Skip site navigation (1) Skip section navigation (2)

Re: MySQL and PostgreSQL speed compare

From: "Gordan Bobic" <gordan(at)freeuk(dot)com>
To: "PostgreSQL General" <pgsql-general(at)postgresql(dot)org>
Subject: Re: MySQL and PostgreSQL speed compare
Date: 2000-12-29 13:52:38
Message-ID: 002b01c0719e$9d452620$8000000a@localdomain (view raw or flat)
Thread:
Lists: pgsql-general
> But isn't it recommended to run the server with fsync?  If so, you
shouldn't
> disable it on a benchmark then.

Recommended for what? If you have a system that has to be up 24/7, then you
should have:

1) Sound, working hardware
2) UPS
3) Failovers / RAID
4) Backups

Provided that:

(you don't get a hardware failure, OR you have implemented 3)),
AND
(you don't get a power cut OR you have implemented 2)),

then there is no danger that I can see in having the OS handle your disk
caching. If you have a hardware caching controler, then the whole fsync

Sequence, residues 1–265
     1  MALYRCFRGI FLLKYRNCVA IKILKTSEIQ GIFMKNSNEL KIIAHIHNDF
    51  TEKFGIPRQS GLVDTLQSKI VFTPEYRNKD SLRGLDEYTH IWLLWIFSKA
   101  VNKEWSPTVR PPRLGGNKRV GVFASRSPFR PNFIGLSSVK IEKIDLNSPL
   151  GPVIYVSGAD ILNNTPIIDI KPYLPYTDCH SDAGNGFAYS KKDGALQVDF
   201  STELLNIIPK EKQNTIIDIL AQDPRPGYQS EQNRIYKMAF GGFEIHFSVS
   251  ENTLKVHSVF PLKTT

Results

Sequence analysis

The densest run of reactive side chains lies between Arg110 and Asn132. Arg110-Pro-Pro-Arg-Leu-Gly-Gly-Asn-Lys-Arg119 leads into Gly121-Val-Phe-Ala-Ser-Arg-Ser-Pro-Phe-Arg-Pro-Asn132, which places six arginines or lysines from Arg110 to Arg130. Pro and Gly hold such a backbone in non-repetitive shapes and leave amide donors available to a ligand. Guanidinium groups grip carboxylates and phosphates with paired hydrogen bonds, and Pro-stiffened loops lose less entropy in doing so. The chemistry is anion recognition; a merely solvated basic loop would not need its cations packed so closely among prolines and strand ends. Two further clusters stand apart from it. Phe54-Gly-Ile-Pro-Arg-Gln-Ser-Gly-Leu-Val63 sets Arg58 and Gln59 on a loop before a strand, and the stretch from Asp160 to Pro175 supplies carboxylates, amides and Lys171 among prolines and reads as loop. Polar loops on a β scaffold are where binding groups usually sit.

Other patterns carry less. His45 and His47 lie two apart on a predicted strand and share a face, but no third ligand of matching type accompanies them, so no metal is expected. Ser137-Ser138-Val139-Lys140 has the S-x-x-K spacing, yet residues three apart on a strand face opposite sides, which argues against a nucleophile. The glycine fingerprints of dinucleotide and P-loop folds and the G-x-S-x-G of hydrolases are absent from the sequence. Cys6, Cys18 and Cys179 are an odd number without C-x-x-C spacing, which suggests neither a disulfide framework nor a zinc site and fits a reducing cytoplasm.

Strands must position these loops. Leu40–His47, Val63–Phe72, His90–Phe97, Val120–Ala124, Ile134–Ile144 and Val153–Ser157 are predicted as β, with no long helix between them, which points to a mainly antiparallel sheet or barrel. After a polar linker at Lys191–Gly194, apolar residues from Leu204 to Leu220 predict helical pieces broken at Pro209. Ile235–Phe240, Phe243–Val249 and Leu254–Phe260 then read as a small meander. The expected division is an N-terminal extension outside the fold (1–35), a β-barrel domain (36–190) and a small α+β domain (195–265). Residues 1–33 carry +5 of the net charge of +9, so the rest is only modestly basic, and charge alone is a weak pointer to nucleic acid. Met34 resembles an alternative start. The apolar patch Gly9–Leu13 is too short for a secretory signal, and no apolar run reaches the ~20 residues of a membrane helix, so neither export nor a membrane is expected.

issue is slightly more academic, but disabling fsync will generally always
improve performance.

IMHO, if you don't trust your hardware and arrangements enough to feel
happy with switching off fsync, then you shouldn't be using that setup in a
mission critical application. It's OK for a development system where you
expect the system to be trashed several times a week, but I am not sure
that fsync should be high enough on the list of priorities in a mission
crytical system to be worth worrying about too much.

Feel free to disagree...

Regards.

Gordan




pgsql-general by date

Next:From: Jarmo PaavilainenDate: 2000-12-29 14:35:08
Subject: SV: MySQL and PostgreSQL speed compare
Previous:From: Alfred PerlsteinDate: 2000-12-29 13:51:29
Subject: Re: MySQL and PostgreSQL speed compare

Privacy Policy | About PostgreSQL
Copyright © 1996-2014 The PostgreSQL Global Development Group